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John Gordon - September 2021



Restaurant Excitement and Complications Underway

by John A. Gordon, Principal and Founder, Pacific Management Consulting Group

For those of us restaurant industry lifers who are hooked on the excitement, complexity, moving pieces, and unpredictability of this business, the last 60 days have given us the reward we crave. More is coming. By the middle of July, we thought we were on a glide path to the magical  “other side” of the Pandemic. Unfortunately not so fast. The other side is not here yet.

“The Wait for the Re-Opening Goes On”

This was the headline from the WSJ’s always well-written Heard on the Street financial analysis and commentary column on September 10. It noted the Delta variant surge and “while this hasn’t knocked the economy back on its heels, it slowed it down”. Later, it noted, Brinker's (EAT) stock was down 33% from its highs. As I noted last month, evidence of casual dining softness was apparent from several trackers, and EAT confirmed it in both brands in August.

Darden's (DRI) earnings are coming up on September 23 (Q1, 2022) and as always they are a critical benchmark. Darden, no doubt will discuss what they are doing to maximize their brand's operations and fiscal posture, as well as employees and guests, a sound position no matter what problems are underway. In short, they demonstrate there is plenty to do.  More on this in a bit.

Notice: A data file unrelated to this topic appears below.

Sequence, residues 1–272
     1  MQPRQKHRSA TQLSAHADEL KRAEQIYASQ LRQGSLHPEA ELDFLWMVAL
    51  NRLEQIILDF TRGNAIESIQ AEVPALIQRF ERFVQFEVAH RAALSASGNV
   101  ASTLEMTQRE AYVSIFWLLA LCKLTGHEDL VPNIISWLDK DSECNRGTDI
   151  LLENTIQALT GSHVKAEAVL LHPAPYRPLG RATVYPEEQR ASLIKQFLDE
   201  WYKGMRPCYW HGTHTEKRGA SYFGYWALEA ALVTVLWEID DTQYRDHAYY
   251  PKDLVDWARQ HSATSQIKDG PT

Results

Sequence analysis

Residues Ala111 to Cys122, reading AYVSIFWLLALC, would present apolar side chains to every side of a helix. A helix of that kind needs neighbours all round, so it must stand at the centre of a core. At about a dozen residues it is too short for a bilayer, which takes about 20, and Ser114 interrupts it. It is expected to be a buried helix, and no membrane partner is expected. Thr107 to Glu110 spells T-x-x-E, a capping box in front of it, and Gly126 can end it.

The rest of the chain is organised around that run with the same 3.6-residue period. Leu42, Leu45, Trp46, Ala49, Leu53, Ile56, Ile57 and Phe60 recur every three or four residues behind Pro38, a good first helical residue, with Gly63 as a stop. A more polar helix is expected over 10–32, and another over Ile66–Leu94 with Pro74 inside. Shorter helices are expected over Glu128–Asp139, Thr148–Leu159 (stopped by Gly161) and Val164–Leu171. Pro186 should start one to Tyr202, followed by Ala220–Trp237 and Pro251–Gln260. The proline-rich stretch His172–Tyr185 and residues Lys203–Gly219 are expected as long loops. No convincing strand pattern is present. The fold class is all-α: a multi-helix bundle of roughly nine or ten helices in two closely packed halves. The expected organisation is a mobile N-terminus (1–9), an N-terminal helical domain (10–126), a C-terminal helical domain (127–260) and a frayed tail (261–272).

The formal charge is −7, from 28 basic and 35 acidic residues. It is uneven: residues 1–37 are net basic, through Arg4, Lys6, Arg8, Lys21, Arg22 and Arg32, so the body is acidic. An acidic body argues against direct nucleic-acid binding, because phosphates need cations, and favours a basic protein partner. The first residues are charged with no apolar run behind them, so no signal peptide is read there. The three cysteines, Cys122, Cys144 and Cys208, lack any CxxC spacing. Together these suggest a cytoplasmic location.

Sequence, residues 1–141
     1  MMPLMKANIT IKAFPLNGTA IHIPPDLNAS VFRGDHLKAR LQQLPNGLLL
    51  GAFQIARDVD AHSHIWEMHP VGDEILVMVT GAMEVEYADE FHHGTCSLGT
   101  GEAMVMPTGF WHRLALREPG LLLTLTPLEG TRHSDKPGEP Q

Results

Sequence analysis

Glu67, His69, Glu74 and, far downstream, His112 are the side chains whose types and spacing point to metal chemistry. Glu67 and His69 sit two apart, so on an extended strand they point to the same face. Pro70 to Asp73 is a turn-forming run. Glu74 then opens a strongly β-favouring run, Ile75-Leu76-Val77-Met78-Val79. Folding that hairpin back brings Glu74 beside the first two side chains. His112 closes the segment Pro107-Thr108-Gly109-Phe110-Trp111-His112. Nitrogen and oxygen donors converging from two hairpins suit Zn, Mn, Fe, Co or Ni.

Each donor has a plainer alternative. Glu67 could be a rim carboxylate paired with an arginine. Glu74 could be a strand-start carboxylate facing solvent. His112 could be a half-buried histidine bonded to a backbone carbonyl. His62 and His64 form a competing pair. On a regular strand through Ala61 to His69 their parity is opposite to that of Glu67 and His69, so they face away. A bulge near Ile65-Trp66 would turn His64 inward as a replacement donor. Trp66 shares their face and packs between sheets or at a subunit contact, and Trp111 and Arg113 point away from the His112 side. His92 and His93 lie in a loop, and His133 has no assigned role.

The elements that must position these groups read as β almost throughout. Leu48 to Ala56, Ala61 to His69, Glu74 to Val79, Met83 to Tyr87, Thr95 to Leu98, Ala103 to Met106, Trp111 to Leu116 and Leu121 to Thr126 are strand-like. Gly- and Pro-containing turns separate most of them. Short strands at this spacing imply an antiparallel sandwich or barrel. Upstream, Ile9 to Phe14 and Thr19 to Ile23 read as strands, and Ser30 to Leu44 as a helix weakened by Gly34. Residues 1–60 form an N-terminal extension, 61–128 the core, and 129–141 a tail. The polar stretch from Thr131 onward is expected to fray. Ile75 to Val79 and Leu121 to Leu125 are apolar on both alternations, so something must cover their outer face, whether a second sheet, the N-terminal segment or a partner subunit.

Restaurants have reopened, and we have IPOs ready to go, and credit markets and investor money available for expansion

Restaurants are a leading indicator coming out of recession. Virtually all public chain restaurant units have reopened. Dave and Buster’s (PLAY) confirmed theirs had on their very positive call last week, one of the last laggards. (FYI—they have new multi-channel programming coming).  Even more significantly, five new restaurant brands have filed for IPOs or are in the pipeline:

Krispy Kreme     $DNUT

Dutch Bros      $BROS

Sweetgreen     TBD

Portillo’s     TBD

First Watch     $FWRG

In addition, Torchy’s Taco’s has been discussed since 2019.

The Company Owned v. Franchising Ownership Debate